I bought this panel of the Frozen princesses To make a quilt ( or wall hanging) for my grand-niece who is a great fan of the two!
She was due to visit us and I thought of a quick gift for her. But how boring would this be!
So I came up with this idea.
I printed her face on a printer-ready fabric sheet after calculating the size I would need to make it.
Everything got more complicated than necessary because I planned to put K on the right side. I cut out the pink princess ( is that Elsa or Anna?) before I realised that that would make my darling Princess K an ‘outsider’ because the other two had interlocked arms.
So I disengaged their arms and locked them with Princess K’s who moved to the centre. Ah, that’s the way I like it. The Disney Princesses look at her admiringly ( and a bit enviously?). The Resident Consultant did not think much of my original idea of a silver dress for his Princess. So I retained the silver yoke and made her blue dress from…a rayon grocery bag! ( Jaipur is a big exporter of women’s clothing. With single use plastic being banned in India, our shopkeepers are using bags made from export-surplus fabric and export-reject dresses).
The quilting was kept to a minimum. ( Also because I had just over a couple of hours for the quilting and finishing). I folded the lighter pink border to the back of the quilted piece, leaving the darker plum inner border to frame the quilt. No binding. The top border became the sleeve.
Not that my Princess minded the short-cuts taken to finish her portrait! She couldn’t believe what she saw.
“How? wow! how? wow…”, she exclaimed!
And here is the Princess herself, posing with her quilted wall-hanging.
Now that done, I have to decide what comes up next!
I regard this painting as one of my better executed ones.
G’bai first came too our house about 20 years ago. She came to do the sweeping and wash the dishes. She was then about 30 years old and married to a factory worker. She had the burning ambition to educate her 3 daughters and 2 sons, and ` make something ‘ of them. When her husband did not have the time to drop her, she walked a good 5 kms from her house to our neighbourhood to work. She worked in about half a dozen houses.
She also was an excellent masseur, and was greatly in demand whenever someone had a baby! She did not disclose all her earnings to her husband; I helped her open a secret bank account in which she would put her savings. She would then buy jewellery for her daughters’ weddings from these savings!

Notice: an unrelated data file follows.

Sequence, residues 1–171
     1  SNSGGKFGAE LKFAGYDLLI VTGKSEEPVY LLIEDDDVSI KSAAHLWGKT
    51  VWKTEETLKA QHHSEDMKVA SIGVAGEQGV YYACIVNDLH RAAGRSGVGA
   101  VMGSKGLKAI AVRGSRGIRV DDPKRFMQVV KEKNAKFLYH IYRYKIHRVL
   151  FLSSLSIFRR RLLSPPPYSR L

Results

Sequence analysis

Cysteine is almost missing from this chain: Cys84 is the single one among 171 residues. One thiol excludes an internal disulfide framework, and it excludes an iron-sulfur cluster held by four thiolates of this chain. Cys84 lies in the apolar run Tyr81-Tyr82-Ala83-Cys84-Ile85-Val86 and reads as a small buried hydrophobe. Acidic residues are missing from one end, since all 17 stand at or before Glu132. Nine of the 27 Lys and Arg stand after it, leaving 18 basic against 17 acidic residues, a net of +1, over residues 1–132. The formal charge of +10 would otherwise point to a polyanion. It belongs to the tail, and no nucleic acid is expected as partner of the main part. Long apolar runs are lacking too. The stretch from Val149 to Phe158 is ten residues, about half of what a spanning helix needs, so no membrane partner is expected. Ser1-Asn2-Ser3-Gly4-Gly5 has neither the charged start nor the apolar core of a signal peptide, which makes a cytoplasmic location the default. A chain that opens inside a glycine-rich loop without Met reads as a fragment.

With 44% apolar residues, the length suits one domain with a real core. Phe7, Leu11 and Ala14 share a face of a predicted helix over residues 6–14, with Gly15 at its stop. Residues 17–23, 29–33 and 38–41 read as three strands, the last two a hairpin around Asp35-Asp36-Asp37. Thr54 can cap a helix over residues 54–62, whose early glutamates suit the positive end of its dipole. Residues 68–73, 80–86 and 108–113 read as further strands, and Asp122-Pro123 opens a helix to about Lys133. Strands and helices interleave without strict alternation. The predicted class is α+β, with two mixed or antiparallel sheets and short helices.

This diminutive yet gutsy lady, who had never been taught to read and write, dared to dream of a great future for her children.
Sadly, none of her children have grown up to her expectations. Today she is financially much stronger and still working – but only as a masseur.
G’bai likes to dress up, but because of the nature of her work, rarely has the opportunity. Here I have caught her preening in front of the mirror. She generally wears only the `maang tikka’ on her forehead; I have dressed her here in all the jewellery she’d probably love to wear!
Mangli (whose name means `the auspicious one’) is a beautiful lady, with a regal bearing … always cheerful, smiling… She would come to do my laundry and I always wanted to paint her. But she never had the time to sit for me. Finally, I could manage to convince her to give me her black and white passport size photograph, around which I built this painting.
I am very fond of this painting because I think have managed to capture the essence of her personality.
On festivals Mangli would come to work decked up in her heavy silver jewellery and her brightest red `bandhni chunari'(tie and dye veil) . Her hands were rough from washing clothes – I used my artistic licence here!
I placed Mangli in the royal surroundings she was meant to be in!
The painting is framed with a red tie and dye around it. The glass prevents a closer look – but some details can be seen here.